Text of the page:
After a long battle against bankruptcy and eviction, Metropolitan Brewing is about to raise its final glass.
The beloved German-style brewery will close its doors Dec. 17. For patrons who want to stock up on vanishing favorites, Metropolitan Brewing, known by fans as Metro, will be open every day until then, except Thanksgiving.
Co-founders and owners Doug and Tracy Hurst were “unable to resolve (their) differences with the landlord,” the ex-spouses wrote Tuesday on X, formerly Twitter. Currently, the Hursts have no plans to reopen the brewery in a new location.
“We are deeply sorry that we couldn’t see our way through this current situation,” the Hursts wrote. “We tried. For years. But now it’s time to turn toward new adventures.”
Metro got its start in a Ravenswood warehouse in 2008, expanding to the dog-friendly Avondale brewery and tap room in 2017. Patrons flocked to social media Tuesday to share memories of kayaking up the Chicago River for a pint and letting their pups run loose on the brewery grounds.
With 12 rotating taps and recycled wood tables, the buzzy, boozy space has also played host to Sunday yoga, Wednesday bingo and a rotating menu of tacos from Arigato Market.
“We’re getting a lot of support from all over, and it’s great to have that,” master brewer and co-founder Doug Hurst told the Tribune on Tuesday. “It’s nice that people have fond memories of Metro.”
Metropolitan Brewery filed for Chapter 11 bankruptcy in October, as low retail sales clashed with a yearslong rent payment dispute, the Tribune previously reported.
The brewery owes more than $1 million in equipment rental fees to Live Oak Bank, based in North Carolina, and another $386,000 for a pandemic loan from the Small Business Administration, the Tribune reported.
After filing for Chapter 11, staying open would require brewery staff to work with creditors to come to an agreement on a plan to reorganize the business.
The Hursts created a financial plan for how a reorganized brewery could run moving forward. The proposal was rejected this week by landlord Rockwell Properties, Live Oak and the SBA, Doug Hurst said.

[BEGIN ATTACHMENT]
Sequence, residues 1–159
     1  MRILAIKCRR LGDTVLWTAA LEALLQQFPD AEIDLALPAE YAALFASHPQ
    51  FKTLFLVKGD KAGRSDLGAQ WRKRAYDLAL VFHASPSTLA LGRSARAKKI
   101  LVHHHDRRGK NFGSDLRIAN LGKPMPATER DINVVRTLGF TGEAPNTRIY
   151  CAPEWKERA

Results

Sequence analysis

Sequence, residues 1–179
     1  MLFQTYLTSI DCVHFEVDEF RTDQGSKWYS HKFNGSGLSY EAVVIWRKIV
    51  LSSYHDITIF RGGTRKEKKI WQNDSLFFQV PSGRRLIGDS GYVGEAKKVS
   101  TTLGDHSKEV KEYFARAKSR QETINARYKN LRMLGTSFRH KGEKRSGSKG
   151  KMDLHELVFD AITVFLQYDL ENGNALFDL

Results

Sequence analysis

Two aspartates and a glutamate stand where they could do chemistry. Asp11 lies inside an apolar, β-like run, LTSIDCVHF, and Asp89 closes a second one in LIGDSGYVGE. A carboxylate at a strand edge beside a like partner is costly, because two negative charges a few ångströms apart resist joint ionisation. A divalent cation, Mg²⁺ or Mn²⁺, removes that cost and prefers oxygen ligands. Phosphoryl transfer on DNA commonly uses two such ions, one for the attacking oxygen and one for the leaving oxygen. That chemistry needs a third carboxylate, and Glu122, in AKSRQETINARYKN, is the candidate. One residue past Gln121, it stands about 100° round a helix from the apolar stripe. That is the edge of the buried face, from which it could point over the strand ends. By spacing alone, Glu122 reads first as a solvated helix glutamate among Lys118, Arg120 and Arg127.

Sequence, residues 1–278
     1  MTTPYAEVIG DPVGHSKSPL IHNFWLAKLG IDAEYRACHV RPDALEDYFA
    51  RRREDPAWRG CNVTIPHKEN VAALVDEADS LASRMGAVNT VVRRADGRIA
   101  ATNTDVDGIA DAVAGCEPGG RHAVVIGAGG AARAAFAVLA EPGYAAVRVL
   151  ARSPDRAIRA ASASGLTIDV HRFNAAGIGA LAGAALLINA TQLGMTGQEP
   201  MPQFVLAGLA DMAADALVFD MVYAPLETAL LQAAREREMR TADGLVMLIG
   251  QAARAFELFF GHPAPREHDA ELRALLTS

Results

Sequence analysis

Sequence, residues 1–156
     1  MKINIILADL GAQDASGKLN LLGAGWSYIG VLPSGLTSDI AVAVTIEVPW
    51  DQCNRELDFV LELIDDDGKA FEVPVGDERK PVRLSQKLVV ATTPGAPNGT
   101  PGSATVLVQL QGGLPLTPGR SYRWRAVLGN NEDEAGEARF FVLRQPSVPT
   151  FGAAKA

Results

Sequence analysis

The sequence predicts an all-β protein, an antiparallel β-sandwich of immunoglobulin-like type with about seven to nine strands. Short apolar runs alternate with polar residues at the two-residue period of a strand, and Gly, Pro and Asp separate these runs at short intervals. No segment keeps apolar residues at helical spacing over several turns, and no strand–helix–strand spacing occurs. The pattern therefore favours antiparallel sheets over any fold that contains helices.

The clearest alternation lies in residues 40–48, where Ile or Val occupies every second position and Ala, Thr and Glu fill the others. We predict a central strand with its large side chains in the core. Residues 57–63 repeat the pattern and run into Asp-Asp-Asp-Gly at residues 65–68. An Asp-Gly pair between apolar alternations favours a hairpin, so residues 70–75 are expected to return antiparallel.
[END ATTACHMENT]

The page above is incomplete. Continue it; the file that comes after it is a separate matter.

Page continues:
“Ultimately, there was not an agreement to be made, particularly with regards to our ability to move forward, and with what the landlord wanted,” Hurst said. “We can’t move forward, so we have to shut down.”
The Tribune found that Metropolitan Brewing owes Rockwell Properties more than $1 million in back rent and fees after a dispute on how much space Metropolitan had agreed to lease. The Hursts stopped paying rent to Rockwell in 2019, alleging they had overpaid by $130,000 since the lease started in 2015.
Rockwell Properties filed a lawsuit to evict the brewery in November 2020. Metro countersued in January 2021, alleging Rockwell had fraudulently inflated the amount of square footage in the brewery’s 15-year lease.
Lawyers for Rockwell Properties were not immediately available for comment Tuesday.
Eviction procedures against Metropolitan Brewery will not continue. Once the brewery closes, its assets will be liquidated to pay off outstanding debts, Doug Hurst said.
Metropolitan Brewing’s final slate of offerings include five year-round beers, most famously Krankshaft, a pale, malty Kölsch-style beer. One of two eleventh-hour specials, a Bavarian-style double bock beer called Generator Doppelbock, took bronze at Chicago’s Festival of Wood and Barrel-Aged Beer less than two weeks ago.
The final Metro beers are currently available in stores across Illinois and Wisconsin. Along with the usual beer by the glass, Metro’s taproom will have an expanded to-go section until Dec. 17, so patrons can claim their own bottles of back inventory.
“The best place to get our beer one last time would be to come to the taproom,” Doug Hurst said.
As the watering hole prepares to tap its kegs for the last time, the Hursts remain proud of Metro’s history in the Chicago craft brewing space, Doug Hurst said.
“We were one of the first three breweries in the new wave of craft brewing in Chicago back in 2007, 2008,” Hurst said. “We’re thankful that we’ve had the support we have had over the years from beer drinkers in Chicago, and it’s been a lot of fun.”